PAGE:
Coralie Fargeat’s Revenge is an astonishing accomplishment. I saw it a couple of months ago and I’ve been itching to write about it ever since. It’s a perfect example of visceral female filmmaking.
Rape-revenge films were made popular in the 70s by the likes of I Spit On Your Grave (also known as Day of the Woman) and The Last House on The Left, which was the late, great Wes Craven’s debut film. The premise of these films is often ridiculously simple. Woman gets raped, woman takes revenge, finito. However, what lies beneath the surface of these films is usually what draws the spectator in; what really grips our attention and makes us commit ourselves to watching unspeakable horrors. They are often a commentary on class and gender inequality, rape culture and the male and female gaze. However, at their worst and too often these films are pure violence and spectacle, which is a shame because Revenge really shows that the genre still has something to say.
Fargeat’s Revenge is a beast of its own and although it would be easy to compare to previous rape-revenge films, it shouldn’t. Fargeat has taken the rape-revenge genre and ever so cleverly and quietly twisted it. I say quietly, because Fargeat so sneakily turns the tables around on us that it takes a while to register that you are watching something different, something new and exciting. While never fully transcending the genre’s limitations, it’s a glorious film that demands to be seen many times to fully unpack its offerings. Needless to say, it comes at exactly the right time with #MeToo and TimesUp movements.
What I found equally interesting and creepy is that at the screening I attended, a quiet Sunday afternoon in Central London, I was the only female present. Men of all ages and races took their seats around me to watch brutal sexual violence and just good old plain violence towards women about to unfold and I felt very uncomfortable for some reason. By the end of it, I felt empowered to be the last woman standing. Although I was the only one to begin with… Anyway.
Fargeat begins her film provocatively and fully embracing the male gaze that dominates the films we are used to. Her doomed protagonist Jen is presented as the ultimate eye candy for lustful men. Erotically sucking on a lollipop and immediately initiating oral sex with her wealthy, but married lover Richard in his holiday home in the desert, she is the forbidden fruit. The camera swirls around her smooth and young body, almost teasing the audience with its overly sexualised imagery. Richard’s hunting pals arrive a day early to the happy couple’s surprise and after a night of drinking, Jen seductively dances with one of them, grinding her forbidden body on Stan, making him feel wanted and desired. So when she rejects him the next day, it’s almost too easy to blame the rape of Jen. Right? WRONG. Fargeat dares to ask this and to show Jen as an individual who loves her body and her sexuality. But to assume that this is asking for rape is exactly what Fargeat hopes the audience will trip on.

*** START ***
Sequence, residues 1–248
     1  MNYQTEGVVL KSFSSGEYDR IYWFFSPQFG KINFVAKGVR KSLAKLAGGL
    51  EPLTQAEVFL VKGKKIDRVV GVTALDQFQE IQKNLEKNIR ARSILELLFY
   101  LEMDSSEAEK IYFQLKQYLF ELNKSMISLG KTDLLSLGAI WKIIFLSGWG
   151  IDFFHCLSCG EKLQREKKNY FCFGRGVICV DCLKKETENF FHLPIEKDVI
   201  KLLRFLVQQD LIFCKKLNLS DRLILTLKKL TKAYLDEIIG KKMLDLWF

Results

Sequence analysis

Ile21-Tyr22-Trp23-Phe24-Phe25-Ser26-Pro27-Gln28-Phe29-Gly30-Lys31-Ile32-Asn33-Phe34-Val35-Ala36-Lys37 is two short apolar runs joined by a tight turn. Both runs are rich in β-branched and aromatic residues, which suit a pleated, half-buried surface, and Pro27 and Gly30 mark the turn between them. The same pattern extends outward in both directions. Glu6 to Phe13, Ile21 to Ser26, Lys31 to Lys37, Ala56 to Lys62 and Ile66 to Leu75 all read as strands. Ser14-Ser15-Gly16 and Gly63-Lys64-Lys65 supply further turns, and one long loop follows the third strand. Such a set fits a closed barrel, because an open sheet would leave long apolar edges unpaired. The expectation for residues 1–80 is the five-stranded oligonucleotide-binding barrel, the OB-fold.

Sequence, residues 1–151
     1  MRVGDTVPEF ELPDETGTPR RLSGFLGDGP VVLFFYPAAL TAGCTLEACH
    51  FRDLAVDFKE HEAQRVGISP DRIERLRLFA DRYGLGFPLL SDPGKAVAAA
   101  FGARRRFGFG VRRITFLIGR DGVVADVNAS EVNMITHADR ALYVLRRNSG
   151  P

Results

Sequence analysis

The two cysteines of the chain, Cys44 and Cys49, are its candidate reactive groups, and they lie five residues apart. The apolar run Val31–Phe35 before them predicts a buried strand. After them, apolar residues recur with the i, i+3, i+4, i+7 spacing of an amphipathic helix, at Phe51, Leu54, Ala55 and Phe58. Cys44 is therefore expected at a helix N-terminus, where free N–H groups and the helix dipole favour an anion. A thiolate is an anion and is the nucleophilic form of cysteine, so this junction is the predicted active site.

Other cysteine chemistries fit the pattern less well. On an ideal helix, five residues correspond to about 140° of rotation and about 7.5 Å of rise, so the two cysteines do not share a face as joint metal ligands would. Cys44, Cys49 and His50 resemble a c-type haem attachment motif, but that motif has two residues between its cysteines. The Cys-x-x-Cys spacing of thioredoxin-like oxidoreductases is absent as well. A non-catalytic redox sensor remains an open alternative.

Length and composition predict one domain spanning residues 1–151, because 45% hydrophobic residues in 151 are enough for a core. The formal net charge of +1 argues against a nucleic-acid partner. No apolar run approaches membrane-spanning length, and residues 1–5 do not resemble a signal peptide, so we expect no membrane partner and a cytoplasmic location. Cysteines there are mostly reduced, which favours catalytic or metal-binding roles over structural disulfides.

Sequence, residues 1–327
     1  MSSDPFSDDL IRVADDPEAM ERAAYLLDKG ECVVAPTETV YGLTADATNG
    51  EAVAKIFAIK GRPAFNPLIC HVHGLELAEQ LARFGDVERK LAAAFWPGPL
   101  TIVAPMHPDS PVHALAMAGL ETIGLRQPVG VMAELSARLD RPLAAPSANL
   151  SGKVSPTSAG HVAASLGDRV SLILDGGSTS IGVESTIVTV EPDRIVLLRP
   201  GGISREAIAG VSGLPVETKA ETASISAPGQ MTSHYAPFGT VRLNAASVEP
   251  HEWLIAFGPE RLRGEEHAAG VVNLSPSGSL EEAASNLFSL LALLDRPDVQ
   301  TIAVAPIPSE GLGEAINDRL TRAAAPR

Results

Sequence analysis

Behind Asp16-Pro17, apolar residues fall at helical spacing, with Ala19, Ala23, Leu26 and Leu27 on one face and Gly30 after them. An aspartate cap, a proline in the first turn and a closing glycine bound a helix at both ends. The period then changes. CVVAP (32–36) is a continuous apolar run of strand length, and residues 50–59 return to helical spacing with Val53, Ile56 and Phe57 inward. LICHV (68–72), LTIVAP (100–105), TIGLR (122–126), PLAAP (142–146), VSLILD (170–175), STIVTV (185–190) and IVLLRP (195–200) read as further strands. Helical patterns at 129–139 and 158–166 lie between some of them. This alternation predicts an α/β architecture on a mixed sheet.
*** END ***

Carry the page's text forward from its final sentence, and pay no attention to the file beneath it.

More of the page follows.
Interestingly, Fargeat keeps her protagonist quiet for a painfully long time. Jen has no dialogue until after she has performance a sexual act. Even her first actual line of dialogue is slightly muffled. She is defined by her sexuality and looks and she has no voice. The silence is deafening. This is something she must break free from in order to survive her ordeal. Early on in the film, Jen leaves an apple she was eating on the kitchen counter. The apple stays there and rots along with the men of the film. The more disgusting the men’s behaviour gets, the more rotten the apple appears. Ants are crawling on the apple. Actually, there are ants everywhere in the film. They’re all over Jen and everything she touches, much like the men. The ants end up drowning in her blood. Guess what happens to the men.
Fargeat’s gender politics are complex and interesting. In Revenge, she presents the viewer with three types of toxic masculinity. First type is represented by Stan, who commits the act of rape but isn’t your usual film rapist. Whereas many films tend to overly simplify the role and show rapists as dumb, violent and lower class, Stan is surprisingly normal and relatable in the sense that he is hurt by Jen’s rejection and his motives are driven by his pain. This is not to say that Stan isn’t a disgusting human being, but Fargeat dares to show a more humane version of a character that’s easy to portray as a caricature and it makes the rape even more horrifying, because we all know a Stan. He’s insecure, always in Richard’s shadow and feels the need to be validated sexually. Jen’s rejection is almost an act of castration and he redeems his masculinity by taking what he not only needs to feel like a real man, but what he believes is rightfully his; Jen’s body.